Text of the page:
Beirut is endearingly different with its Mexican mariachi sound. Veteran dance act the Prodigy make some decent noise. Finally, ‘Dark Was The Night’ is a good compilation of current trends.
I’ve listened more to Beirut’s ‘March Of The Zapotec’ than any other album this month. This Mexican stuff is fast becoming addictive. I’m sure Beirut mastermind Zach Condon picked the best elements of what makes this music so different, just like alternative Country acts like Giant Sand do with their genre. It’s like an ideal music that only lives in the mind of an outside observer - People in Nashville or Oaxaca sure don’t play like that every day.
They have been going for more than 17 years and they stopped causing ripples on the dancefloor some 10 years ago - But now The Prodigy are worth a punt again! Their new album ‘Invaders Must Die’ has more moxy than any current competitor in the charts. Put your money down and you’re in for a thrill.
If you just want an overview of the acts that left their impression on the music scene over the past year or two without committing yourself to buy their entire albums, then the 2-CD compilation ‘Dark Was The Night’ is just what you are looking for. All the right names at a bargain price and proceeds go to Aids charity the Red Hot Organization.
ALBUM OF THE MONTH
Beirut ‘March Of The Zapotec’
‘March Of The Zapotec’ shakes and shimmies like a rattlesnake charmer after a bottle of Mezcal. Zach Condon travelled to a decidedly lo-tech part of Mexico to bring you the exotic sounds of a funeral band in a godforsaken place in the southern Oaxaca province, called Teotitlan del Valle.
Teotitlan is, by all accounts, one of the oldest settlements in Mexico, founded by the mysterious Zapotec people. The Jimenez Band from Teotitlan plays its own take on European marching band music, enriched by the localities history and customs.
The music on the first half of the album is pretty darn cool. The marching rhythms roll and the brass jumps and veers dangerously close to anarchy, but it’s all resolved within a little three-minute drama.
The second half of the album, titled ‘Holland’ and credited to ‘Realpeople’, is made up of low key electronica. Realpeople is another pseudonym for Zach and this is the kind of music he knocks together at home when he’s fed up with listening to his Beirut work-in-progress. You get gentle pop songs with wacky titles, Zach’s crooning vocals and tinny rhythms.
‘Holland’ is pure laptop pop, not as vivid as ‘March Of The Zapotecs’, but likeable. it will grow on you.
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#2: The Prodigy ‘Invaders Must Die’
It’s the twisted firestarters’ first new record in seven years. They didn’t sit around on their backsides. Instead they studied open air festivals and what you need to get today’s audiences dancing.
Tracks like ‘Invaders Must Die’ or ‘Thunder’ have that big kick drum, fuzzy Acid bass and the - in the most positive sense - bombastic production that will hit you at the back of the field in Glastonbury or wherever.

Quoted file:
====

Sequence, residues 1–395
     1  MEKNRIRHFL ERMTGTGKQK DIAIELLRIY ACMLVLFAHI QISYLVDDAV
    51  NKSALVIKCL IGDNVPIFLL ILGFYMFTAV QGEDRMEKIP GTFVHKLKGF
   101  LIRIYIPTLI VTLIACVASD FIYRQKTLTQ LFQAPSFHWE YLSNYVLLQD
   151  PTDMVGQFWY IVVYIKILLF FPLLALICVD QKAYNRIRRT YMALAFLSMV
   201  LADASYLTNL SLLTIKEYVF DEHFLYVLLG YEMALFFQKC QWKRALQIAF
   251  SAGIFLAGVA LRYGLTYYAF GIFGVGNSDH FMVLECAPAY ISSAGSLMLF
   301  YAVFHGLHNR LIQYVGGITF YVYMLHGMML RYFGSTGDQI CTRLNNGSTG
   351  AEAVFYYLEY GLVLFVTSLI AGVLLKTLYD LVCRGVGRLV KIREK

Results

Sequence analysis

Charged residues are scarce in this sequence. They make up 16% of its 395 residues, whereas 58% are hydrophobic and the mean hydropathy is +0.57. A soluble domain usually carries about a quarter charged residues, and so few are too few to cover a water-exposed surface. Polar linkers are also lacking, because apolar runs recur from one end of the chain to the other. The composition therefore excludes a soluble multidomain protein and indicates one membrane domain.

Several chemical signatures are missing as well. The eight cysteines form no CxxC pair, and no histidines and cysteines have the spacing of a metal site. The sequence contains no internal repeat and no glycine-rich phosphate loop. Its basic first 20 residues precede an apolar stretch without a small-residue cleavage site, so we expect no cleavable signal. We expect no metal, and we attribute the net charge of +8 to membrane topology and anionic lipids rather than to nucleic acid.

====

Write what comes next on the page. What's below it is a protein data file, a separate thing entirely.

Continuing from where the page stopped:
In fairness, The Prodigy are well positioned to claim back the festival crown: They were, after all, one of the first wave of acts to cross over from the rave to the festival stage.
Dig deeper and you’ll find that ‘Invaders Must Die’ is the Prodigy sound from 1992/94 - that of ‘Firestarter’ and ‘Out Of Space’ - with a few subtle tweaks and better technology.
On ‘Thunder’, ‘Invaders Must Die’ and ‘Take Me To The Hospital’ The Prodigy nail it just right. The first single ‘Omen’ is not bad either. Look out for these tunes on a dance stage or dance tent near you this summer.
Watch The Prodigy’s Video For ‘Omen’
‘Run With The Wolves’ features Grunge rocker Dave Grohl of Foo Fighters fame on drums but just doesn’t do it for me. Same for ‘Run With The Wolves’, ‘Colours’ and ‘Piranha’. They all have that clinical ‘heavy’ sound that works for a five second sound blast but not in a five minute song. Mind you, it probably works in a field with a few thousand people around you.
The surprise hit here is the album closer, ‘Stand Up’. It’s that Rolling Stones inspired Boogie Rock with a flowing beat like on Primal Scream’s ‘Come Together’or ‘Loaded’. The Prodigy are really good at it.
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#3: Various Artists ‘Dark Was The Night’
This AIDS charity compilation enlists a number of big guns from the past year or two: Arcade Fire, Bon Iver, The National, Beirut and more. All 31 tracks are exclusive and there are some real crackers on here.
Arcade Fire deliver the upbeat ‘Lenin’, a slice of Glam Pop on which the band sound as exuberant as T-Rex in their 70’s heyday. Bon Iver chips in with ‘Brackett, WI’, a nice, tight Nu Folk workout. And Antony of Antony & The Johnsons slips effortlessly into a 1930’s Folk style on ‘I was Young When I Left Home’. None of these songs are available anywhere else.
The compilation, produced by The National’s Aaron and Bryce Dessner, has a strong Nu Folk feel to it. The few songs that veer into different territory - Funk, Alternative, Modern Classical - blend in well. As an album, the selection flows and there are no obvious bum notes or fillers. If you have a fairly open mind when it comes to music, ‘Dark Was The Night’ will make a good dinner party album when you have friends around.
Proceeds from the sales of ‘Dark Was The Night’ will benefit the well established Red Hot Organization, an international charity dedicated to raising AIDS awareness.
Red Hot celebrates its 20th anniversary this year. The charity raises funds for AIDS research and education, mainly through benefit compilation albums and videos. Red Hot has raised some $7m since 1989.
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